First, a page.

Letters To The Editor

LETTERS TO THE EDITOR

August 12, 2004

DPW's projects seek to protect city's watershed

Two recent articles in The Sun dealing with major public works projects did not tell the full story.

The first article concerned the improvements to Lake Montebello. But contrary to the overly dramatic headline on the article, Lake Montebello is not being lost to the public ("Losing an oasis in Baltimore," Aug. 2).

Also contrary to what the article suggested, the Montebello area is not a park. This facility is an integral part of the water system for the metropolitan area. In order to continue its function in that capacity, the lake must be dredged, which unfortunately means there will be some limits to public access while that work proceeds.

Once the project is completed, our citizens will find it a much more enjoyable place to visit -- one with new roads, new lights and a decorative fence where overgrowth now blocks the view of the lake.

The second article involves the proposed pumping station adjacent to Stony Run. The implication in the article is that the Department of Public Works is placing an unfair deadline on the community to accept one of the proposed sites ("City sets deadline for selection of sewage pumping station," Aug. 3).

The deadline actually comes from the federal government's mandate to us to proceed with numerous multimillion-dollar projects to upgrade our sewer system. We are taking every step to ensure that this facility will be attractive and noise- and odor-free and that the roadways leading to it will essentially be greenways, as they will be partially covered with grass.

The DPW has no desire to take away green space. But we do have a strong desire and a mandate to improve the water quality in Stony Run, the Jones Falls and, ultimately, the Chesapeake Bay.

George L. Winfield

Baltimore

The writer is director of Baltimore's Department of Public Works.

Prepaying for gas no way to stop theft

I vigorously disagree with the suggestion of prepaying for gasoline before pumping as an alternative to punishing gasoline thieves ("Stocks and pillories," editorial, Aug. 5).

Prepaying is a major inconvenience to motorists who pay cash for gasoline. We cannot fill the tank without, in effect, going into the store twice, because we have to return to the counter to collect the change if we prepay for more gas than we need to fill the tank.

This is a serious problem for people with limited mobility. And why should anyone be forced to go into the store and wait in line twice because they prefer to pay cash for a fill-up? It shifts the burden of theft prevention to a specific class of people who prefer to avoid credit card debt.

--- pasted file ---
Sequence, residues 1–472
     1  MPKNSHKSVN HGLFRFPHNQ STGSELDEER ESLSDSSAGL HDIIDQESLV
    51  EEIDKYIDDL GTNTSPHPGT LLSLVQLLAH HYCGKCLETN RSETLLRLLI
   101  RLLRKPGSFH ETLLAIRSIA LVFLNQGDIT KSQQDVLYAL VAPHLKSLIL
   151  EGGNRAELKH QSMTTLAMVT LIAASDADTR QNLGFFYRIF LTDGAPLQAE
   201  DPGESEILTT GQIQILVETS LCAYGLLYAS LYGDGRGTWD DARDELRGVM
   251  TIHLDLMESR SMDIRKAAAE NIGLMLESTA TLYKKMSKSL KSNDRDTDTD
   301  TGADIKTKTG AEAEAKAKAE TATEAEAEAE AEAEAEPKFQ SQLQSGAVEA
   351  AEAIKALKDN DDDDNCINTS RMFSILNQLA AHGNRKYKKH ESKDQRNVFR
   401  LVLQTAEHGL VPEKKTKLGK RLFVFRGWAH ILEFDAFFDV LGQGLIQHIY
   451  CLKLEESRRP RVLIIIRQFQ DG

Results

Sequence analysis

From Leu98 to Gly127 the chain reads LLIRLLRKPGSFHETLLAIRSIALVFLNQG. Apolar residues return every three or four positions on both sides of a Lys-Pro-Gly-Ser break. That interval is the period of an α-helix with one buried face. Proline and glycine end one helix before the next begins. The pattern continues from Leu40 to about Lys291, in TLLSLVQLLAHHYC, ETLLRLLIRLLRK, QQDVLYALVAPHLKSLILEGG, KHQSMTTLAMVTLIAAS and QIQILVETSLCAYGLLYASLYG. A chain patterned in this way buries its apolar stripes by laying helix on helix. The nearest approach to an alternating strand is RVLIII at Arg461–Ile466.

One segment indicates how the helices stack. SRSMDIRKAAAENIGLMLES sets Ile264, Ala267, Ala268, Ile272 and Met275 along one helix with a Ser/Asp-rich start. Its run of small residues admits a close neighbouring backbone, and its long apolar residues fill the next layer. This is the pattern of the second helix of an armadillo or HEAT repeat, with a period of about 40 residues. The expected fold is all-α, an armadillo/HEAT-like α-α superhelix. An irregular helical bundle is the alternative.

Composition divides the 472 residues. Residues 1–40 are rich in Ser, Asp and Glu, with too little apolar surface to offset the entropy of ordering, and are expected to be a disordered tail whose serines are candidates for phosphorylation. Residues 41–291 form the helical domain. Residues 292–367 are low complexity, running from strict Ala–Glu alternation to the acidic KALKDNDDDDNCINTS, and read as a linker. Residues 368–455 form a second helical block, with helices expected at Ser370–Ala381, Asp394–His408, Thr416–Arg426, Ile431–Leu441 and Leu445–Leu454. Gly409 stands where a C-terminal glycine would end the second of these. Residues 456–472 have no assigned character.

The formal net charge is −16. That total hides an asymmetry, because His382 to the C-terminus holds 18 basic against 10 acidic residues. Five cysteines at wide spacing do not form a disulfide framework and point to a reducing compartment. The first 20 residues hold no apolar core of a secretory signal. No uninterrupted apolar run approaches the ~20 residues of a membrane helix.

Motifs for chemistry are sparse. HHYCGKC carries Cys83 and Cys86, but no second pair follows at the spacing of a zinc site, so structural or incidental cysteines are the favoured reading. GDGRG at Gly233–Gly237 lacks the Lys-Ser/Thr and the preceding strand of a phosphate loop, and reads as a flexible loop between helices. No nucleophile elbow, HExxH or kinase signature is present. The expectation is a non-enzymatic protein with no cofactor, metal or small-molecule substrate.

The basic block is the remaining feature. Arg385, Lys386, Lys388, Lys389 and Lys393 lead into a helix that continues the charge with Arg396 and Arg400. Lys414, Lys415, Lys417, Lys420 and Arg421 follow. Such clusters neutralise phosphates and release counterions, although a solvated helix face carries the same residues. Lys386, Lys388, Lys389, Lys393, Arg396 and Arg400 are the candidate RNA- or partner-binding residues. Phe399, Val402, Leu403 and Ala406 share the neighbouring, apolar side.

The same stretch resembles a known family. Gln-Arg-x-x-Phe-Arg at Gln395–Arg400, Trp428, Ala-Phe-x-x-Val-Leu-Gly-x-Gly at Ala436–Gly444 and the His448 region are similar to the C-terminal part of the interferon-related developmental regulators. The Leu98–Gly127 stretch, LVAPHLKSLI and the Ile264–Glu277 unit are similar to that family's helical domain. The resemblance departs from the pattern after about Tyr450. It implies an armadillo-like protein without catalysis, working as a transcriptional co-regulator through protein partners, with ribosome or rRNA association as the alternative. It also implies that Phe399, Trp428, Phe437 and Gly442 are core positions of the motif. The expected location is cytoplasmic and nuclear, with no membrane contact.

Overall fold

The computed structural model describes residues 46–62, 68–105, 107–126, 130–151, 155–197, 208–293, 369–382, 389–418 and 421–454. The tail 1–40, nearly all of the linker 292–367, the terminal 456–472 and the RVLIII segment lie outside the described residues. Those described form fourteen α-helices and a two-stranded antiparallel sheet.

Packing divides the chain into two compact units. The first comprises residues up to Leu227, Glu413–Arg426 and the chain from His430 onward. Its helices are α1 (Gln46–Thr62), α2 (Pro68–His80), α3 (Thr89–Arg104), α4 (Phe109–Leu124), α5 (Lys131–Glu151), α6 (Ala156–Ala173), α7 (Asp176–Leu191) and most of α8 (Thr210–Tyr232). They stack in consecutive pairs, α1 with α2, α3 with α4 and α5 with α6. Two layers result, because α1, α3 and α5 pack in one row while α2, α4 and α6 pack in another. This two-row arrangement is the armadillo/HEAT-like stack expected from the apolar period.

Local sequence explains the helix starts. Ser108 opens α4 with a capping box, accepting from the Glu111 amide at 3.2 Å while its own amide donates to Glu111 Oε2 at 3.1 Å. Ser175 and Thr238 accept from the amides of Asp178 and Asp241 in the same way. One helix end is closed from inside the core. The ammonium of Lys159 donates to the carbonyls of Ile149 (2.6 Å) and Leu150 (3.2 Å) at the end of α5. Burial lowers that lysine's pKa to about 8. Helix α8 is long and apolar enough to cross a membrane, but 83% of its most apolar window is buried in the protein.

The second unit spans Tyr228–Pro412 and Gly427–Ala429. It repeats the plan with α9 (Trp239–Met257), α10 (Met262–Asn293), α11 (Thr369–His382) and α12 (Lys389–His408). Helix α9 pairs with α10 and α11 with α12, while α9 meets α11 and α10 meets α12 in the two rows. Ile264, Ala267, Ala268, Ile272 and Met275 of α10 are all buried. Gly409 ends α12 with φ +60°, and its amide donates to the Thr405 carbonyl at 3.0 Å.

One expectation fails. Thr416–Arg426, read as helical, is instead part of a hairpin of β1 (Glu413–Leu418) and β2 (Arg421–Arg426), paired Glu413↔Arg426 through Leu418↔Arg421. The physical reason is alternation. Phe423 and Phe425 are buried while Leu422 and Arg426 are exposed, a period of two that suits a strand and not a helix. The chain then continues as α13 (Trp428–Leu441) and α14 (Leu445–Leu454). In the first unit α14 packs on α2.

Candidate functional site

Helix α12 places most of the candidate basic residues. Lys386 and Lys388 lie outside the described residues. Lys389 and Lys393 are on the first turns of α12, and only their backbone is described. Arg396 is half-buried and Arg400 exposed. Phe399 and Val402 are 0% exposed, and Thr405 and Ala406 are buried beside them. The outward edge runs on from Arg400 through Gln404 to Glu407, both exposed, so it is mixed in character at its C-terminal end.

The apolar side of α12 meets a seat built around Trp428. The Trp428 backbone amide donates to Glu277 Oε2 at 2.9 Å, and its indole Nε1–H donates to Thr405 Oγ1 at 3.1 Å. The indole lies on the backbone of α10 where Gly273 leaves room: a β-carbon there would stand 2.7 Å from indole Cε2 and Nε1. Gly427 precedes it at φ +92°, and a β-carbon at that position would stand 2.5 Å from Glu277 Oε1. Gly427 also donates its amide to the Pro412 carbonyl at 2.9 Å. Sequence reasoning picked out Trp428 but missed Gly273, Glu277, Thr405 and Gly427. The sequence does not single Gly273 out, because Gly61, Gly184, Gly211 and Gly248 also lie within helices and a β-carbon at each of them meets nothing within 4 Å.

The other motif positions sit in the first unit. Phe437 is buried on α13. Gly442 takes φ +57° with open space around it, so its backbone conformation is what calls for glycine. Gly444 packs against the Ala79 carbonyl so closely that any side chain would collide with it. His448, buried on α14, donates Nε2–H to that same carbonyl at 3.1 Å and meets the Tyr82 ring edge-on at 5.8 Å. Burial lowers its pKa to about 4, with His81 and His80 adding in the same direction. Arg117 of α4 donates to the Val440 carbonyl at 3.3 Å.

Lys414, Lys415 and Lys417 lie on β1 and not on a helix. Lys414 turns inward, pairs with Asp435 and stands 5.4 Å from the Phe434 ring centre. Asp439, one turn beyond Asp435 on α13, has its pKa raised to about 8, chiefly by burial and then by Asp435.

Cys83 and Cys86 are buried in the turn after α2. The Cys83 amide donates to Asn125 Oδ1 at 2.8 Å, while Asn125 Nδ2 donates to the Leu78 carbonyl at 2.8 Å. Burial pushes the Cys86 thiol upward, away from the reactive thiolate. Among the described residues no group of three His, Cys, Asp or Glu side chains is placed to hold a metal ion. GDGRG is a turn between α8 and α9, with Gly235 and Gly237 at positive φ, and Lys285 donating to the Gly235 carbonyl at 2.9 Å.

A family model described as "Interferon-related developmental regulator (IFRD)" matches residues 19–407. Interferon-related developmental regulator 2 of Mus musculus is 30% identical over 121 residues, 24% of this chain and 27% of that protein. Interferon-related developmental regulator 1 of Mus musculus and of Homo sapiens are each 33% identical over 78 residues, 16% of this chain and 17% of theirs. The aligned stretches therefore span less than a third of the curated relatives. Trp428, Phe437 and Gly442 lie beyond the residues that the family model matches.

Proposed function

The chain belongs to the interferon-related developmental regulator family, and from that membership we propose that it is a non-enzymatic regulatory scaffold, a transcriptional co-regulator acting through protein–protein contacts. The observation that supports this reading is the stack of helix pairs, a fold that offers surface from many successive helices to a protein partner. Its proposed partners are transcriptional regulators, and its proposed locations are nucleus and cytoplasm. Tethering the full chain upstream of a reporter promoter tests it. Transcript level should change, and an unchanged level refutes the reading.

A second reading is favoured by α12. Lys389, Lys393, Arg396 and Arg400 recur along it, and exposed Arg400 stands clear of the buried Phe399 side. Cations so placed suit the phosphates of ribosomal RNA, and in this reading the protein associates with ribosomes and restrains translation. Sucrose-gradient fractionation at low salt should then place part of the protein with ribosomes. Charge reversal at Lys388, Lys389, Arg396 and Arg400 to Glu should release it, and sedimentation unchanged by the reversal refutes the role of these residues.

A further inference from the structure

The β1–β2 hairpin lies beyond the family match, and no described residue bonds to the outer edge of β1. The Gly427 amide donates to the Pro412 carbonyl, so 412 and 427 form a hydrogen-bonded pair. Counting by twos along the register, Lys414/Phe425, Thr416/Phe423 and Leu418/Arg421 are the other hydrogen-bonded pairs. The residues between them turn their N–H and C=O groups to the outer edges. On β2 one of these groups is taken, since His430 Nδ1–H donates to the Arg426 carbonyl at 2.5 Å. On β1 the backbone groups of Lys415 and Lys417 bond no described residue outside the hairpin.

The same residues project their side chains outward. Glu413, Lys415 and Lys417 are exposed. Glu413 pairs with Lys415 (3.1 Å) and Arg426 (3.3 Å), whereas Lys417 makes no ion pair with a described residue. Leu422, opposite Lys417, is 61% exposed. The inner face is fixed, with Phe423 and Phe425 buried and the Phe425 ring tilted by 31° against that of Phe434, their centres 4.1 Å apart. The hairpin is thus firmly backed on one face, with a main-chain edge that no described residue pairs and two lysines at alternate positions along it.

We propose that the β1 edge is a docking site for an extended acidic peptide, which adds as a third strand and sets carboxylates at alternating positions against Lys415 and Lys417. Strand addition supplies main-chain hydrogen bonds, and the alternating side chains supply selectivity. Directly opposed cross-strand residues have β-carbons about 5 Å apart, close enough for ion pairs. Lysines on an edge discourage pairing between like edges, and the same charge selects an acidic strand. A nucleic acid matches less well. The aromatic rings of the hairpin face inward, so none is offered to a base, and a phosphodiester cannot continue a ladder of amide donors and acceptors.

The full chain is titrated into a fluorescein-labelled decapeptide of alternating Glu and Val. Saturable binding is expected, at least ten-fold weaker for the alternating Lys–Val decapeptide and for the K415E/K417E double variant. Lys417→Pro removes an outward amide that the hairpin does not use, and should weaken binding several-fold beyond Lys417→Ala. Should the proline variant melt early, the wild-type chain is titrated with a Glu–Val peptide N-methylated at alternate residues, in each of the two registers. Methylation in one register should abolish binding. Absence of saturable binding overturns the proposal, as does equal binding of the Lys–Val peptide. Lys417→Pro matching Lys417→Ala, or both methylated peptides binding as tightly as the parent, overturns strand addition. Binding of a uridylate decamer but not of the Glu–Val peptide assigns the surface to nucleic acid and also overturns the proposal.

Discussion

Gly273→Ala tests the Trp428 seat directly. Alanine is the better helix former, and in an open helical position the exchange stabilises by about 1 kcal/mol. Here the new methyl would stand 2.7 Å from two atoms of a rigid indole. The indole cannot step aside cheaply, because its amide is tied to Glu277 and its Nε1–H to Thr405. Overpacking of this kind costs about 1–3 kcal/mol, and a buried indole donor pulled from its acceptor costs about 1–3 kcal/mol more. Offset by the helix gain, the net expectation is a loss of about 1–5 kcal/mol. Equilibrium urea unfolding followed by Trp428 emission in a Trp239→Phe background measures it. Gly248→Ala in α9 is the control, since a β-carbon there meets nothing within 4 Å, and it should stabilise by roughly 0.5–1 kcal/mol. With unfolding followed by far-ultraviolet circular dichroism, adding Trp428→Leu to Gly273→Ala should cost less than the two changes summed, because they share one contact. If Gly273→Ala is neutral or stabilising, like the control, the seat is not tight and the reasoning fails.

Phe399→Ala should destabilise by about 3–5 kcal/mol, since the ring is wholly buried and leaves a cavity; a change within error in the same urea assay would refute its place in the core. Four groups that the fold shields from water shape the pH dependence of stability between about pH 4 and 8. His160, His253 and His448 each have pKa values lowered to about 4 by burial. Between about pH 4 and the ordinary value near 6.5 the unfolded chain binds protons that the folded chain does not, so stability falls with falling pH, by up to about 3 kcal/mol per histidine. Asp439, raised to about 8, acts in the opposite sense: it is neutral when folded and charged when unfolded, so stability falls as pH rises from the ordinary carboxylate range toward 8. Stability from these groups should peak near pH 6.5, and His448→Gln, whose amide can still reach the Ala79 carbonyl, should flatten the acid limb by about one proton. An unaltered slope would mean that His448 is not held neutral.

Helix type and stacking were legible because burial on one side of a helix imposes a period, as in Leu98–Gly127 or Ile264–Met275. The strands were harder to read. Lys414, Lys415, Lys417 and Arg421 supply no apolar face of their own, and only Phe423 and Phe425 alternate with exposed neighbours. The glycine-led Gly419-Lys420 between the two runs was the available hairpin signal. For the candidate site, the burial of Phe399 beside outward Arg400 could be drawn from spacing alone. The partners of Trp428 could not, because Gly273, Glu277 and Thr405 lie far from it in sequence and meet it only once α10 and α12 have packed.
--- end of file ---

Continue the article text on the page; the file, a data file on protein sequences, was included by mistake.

Whenever I am forced by circumstances to purchase fuel from a station that requires prepayment, I buy only the minimum amount possible, and I always inform the cashier that the policy just cost that station a fill-up and a repeat customer. I am not the only person who does this.

This may be why many establishments prefer to avoid a prepay policy unless it is forced upon them.

Catching and punishing a gasoline thief may also result in correcting that behavior rather than postponing the day of reckoning to some later date, when the tendency to steal may result in a much more serious crime.

Lawrence A. Helie

Manchester

Kerry's supporters also take `low road'

Did I miss the editorial in which The Sun demanded that Sen. John Kerry renounce vicious attacks by third parties on President Bush, as it demanded of the president with respect to attacks on Mr. Kerry ("The low road," Aug. 8)?

Did I miss the editorial in which The Sun wrote that Mr. Kerry shouldn't win if he doesn't denounce Fahrenheit 9/11?

President Bush didn't produce or pay for the Swift boat spot, just as Mr. Kerry did not produce Fahrenheit 9/11 or MoveOn.org's ads. Like the Swift boat ads, partisans are responsible for the funding and the productions.

But only Mr. Bush was called on by The Sun to denounce the work of such partisans.

At least try to be fair. Or, to paraphrase The Sun's own words, "If you can't write without being fair, perhaps you shouldn't write at all."

Vince Clews

Reisterstown

Bush can't meet landslide billing

Zev Chafets' column "Don't be surprised by Bush landslide" (Opinion

Commentary, Aug. 6) is a sloppily disingenuous vehicle to cheerlead the duped into another disastrous voting decision.

Why will President Bush defeat Sen. John Kerry by a landslide in November? According to Mr. Chafets, it's because Mr. Bush is not Satan, we are not living in hell, it's not the Great Depression, Iraq isn't Vietnam and Mr. Bush didn't start the Islamic jihad against America.

In other words, things could be worse, so why vote against the incumbent? In addition, Mr. Kerry is "a bad candidate" and "a weak campaigner."

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